You can place retargeting ads across several channels such as social media platforms and search engines, and even carry out email campaigns. After your set-up is complete, cookies of website visitors will be picked up by the tag, you can view the list featuring your target audience and you are good to go. You can even leverage the retargeting tool to generate customized lists, run ad testing, frequency cap testing, custom combination testing, and even bid tests. Placing retargeting ads strategically can help you reconnect with most of the visitors across websites, platforms, and devices.

Risks of Retargeting Ads

Even though retargeting seems like a brilliant option to drive traffic back to your website and boost conversions, there are a few risks associated with this growing trend in employing retargeting campaigns.

They are as follows:

  • Inflating ad costs increasing overall campaign costs.
  • A negative brand image may be created as a result of aggressive marketing.
  • Shared computers become an issue as the cookie attaches itself to a single browser and not the person visiting your website, making the ads visible to other users on the same device.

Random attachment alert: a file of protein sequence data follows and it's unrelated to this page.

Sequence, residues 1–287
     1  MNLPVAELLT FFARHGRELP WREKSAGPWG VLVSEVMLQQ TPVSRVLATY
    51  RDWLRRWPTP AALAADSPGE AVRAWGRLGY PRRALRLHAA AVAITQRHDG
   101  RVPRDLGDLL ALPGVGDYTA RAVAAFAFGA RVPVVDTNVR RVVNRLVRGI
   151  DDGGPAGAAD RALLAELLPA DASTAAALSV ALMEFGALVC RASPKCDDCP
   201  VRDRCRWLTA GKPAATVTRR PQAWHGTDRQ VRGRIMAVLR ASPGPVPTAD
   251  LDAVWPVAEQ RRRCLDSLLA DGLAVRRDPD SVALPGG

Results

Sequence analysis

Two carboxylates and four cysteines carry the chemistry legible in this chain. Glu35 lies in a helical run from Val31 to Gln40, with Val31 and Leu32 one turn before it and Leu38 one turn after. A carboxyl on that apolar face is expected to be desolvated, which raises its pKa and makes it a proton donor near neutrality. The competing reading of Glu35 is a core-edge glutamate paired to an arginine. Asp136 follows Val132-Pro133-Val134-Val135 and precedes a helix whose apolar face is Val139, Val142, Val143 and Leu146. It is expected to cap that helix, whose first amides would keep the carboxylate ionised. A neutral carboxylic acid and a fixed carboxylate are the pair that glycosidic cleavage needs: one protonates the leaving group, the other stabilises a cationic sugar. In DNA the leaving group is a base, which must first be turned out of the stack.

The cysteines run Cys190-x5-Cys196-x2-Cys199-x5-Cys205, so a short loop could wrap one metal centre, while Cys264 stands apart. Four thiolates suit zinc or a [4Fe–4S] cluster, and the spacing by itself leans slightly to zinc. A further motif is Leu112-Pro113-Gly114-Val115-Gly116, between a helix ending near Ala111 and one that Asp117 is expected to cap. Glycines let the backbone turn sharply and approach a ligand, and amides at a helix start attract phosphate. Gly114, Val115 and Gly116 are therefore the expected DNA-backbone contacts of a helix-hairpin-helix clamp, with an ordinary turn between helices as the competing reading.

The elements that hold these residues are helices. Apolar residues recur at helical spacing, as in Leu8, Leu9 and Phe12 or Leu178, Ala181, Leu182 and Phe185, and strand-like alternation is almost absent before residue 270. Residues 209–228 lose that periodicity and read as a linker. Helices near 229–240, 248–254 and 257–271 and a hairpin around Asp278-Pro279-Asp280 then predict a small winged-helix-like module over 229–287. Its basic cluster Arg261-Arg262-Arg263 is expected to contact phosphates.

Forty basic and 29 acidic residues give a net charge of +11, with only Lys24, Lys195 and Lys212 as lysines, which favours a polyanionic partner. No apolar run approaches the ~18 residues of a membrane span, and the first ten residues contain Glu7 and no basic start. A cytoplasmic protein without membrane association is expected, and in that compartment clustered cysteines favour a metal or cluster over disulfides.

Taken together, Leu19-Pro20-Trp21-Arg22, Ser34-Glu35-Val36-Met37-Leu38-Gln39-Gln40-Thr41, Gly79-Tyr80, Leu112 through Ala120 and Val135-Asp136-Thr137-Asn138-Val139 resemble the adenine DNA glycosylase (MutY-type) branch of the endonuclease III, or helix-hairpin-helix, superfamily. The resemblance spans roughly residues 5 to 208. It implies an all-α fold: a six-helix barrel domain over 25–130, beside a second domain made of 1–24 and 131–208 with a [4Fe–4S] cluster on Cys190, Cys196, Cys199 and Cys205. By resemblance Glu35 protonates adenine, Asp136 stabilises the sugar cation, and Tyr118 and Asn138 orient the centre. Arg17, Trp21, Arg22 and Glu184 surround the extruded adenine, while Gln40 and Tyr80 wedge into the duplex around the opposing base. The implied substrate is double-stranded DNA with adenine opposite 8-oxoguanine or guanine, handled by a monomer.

• Mis-attribution may occur when the headline is statistics are misleading and you rely on last-click attribution as a measure of success.
  • Privacy concerns are unavoidable because retargeting campaigns are often not in moderation and are so aggressive that potential customers are concerned about data privacy and do not want to engage further with your brand.

These privacy concerns from customers have been escalating over the years, as third-party cookies can track users as they visit varied sites across the web. In the effort to retarget ads and create customer profiles leveraging the cookies, users have been made to feel unsafe when it comes to their private data. As a result, third-party cookies will slowly become obsolete and even giants such as Google have announced last year, that they intend to gradually phase out third-party cookies to offer users a more private and secure browsing experience. 

But there is no reason to get worked up. Cookies aren’t going anywhere for a few more years, and there are always other alternatives to cookie-based retargeting. Device fingerprinting, pixel syncing, and initiatives such as IAB’s DigiTrust will be able to do away with cookies and even pixel syncing, to offer advertisers a chance to deliver personalized content to users using a universal token. All in all, a safer web experience with all the advantages of retargeting.

The rewards for retargeting your audience far outweigh the risks and make it one of the most efficient tools to drive traffic to your website, boost conversions and create long-term relationships with customers based on trust and goodwill.